My favorite comic con find has been Mouse Guard. The glorious images grabbed me as I wandered past. No surprise that it won an Eisner Award! Creator David Petersen was sitting there with a stack of books, under the banner for Archaia Entertainment. Archaia started as a small independent publisher which has since merged with another publisher. I’ve since found that it’s published several graphic novels I follow: Lucid and Mr. Murder is Dead.
Drawing Words & Writing
Some of the comics I saw puzzled me. I couldn’t read them! Words & images swirled all over the page in a baffling manner. Heavens, am I that out of sync? Bram grinned. Apparently I’m not alone. The proliferation of independent producers means that some don’t know what’s needed to guide the reader through the story. There are rules. Not all comic creators know them. Bram sent me to an article by Eddie Campbell in The Comics Journal: http://www.tcj.com/campbells-rules-of-comprehension/. Campbell’s rules address context, completeness, sequence and timing. Ahhh, the comics that baffled me violated those rules!
Bram recommends that those interested in creating a comic dive in. That’s what he and his wife Monica did. When they started, they realized that they may not have specific training in making comics, but knew how to complete a visual project. “With the changes in technology and our training in it, it wasn’t necessary to follow the traditional method of making comics (the writer/penciler/inker/
Whew! This is a whole complex area of art! If you want to know more, take one of Bram’s classes: http://www.brammeehan.com/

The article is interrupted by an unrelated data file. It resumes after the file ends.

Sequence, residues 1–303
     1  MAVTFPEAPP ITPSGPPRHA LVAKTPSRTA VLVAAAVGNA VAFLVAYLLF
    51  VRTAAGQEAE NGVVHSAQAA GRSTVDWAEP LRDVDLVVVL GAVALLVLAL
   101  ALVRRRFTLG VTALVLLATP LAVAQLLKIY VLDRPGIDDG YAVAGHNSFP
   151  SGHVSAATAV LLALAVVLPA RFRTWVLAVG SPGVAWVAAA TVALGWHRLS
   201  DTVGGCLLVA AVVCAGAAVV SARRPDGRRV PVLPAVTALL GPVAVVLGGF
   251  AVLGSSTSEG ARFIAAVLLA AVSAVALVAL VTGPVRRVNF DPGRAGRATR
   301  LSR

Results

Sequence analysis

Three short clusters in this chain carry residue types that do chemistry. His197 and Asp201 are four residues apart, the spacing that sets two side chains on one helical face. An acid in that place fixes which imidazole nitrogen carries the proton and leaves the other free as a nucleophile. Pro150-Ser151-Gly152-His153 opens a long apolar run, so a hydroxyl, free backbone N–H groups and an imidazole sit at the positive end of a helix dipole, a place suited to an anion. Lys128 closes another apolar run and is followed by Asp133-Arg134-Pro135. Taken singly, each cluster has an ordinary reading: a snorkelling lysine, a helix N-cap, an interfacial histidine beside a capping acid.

Author David Forrest advised on Star Trek plots – what kinds of neurological disorders the crew might display as a result of an alien action. He talks about it in this CBS video clip:
UPDATE: Star Trek writer Morgan Gendel (featured below) will be at STAR BASE INDY in December 2011 in Indianapolis with his “Journey to the Inner Light” program as well as a writers workshop where he will work with a small group of aspiring writers for 2 hours to create The Next (Hypothetical) Star Trek Series. For more information, contact Morgan@cashmereroad.com.
A delight of attending a “con” is that you get to hear writers talk about their art and some of the weird things they have to go through in writing for TV. I attended “Sci-Fi and Fantasy on TV” at the Phoenix Comic Con. Panelists were Morgan Gendel, who wrote several beloved episodes of STNG; Robert J. Sawyer, author of FlashForward; and John Scalzi, president of the Science Fiction and Fantasy Writers of America. These three experts had some fascinating insights into the “rules” sci-fi writers need to keep in mind.
If you’re reading this, you probably love Sci-Fi. But network executives have a prejudice against it. “Every time you put science in a TV show, you lose 10,000 viewers.” “People will only watch sci if if they don’t know it’s sci fi.” It is to these people the writers have to be able to sell ideas for a new TV series. So Sci-Fi shows have an uphill battle to start with.
If you’re writing for a sci-fi series, one constraint is that if you write about known science, you have to adhere to the scientific facts. And studio executives may even treat fictional “science” as though it is real. So the less explanation, the better. Give just enough to seem logical. The writers go to the science advisers saying “this is what we want to do” – and the advisers tell them how to do it without enraging viewers.
For example, remember Star Trek Next Generation “Starship Mine”, where Picard is left alone on the ship and must thwart thieves’ attempt to steal trilithium? The writer, Morgan Gendel realized his plot needed “a big car wash in the sky.” He researched and came up with the Baryon sweep. Baryons are real, actually quark-based particles that interact with a force 100 times stronger than electromagnetic force. Cool! That makes sense to an audience: a starship needs to be rid of stray particles picked up between the stars much as audio tape back in the day had to be degaussed magnetically. As the audience, we don’t need to get into quarks, etc. All we need to know was that it was a sweep that was necessary and would be lethal to organic life. Yep, the less detail the better!!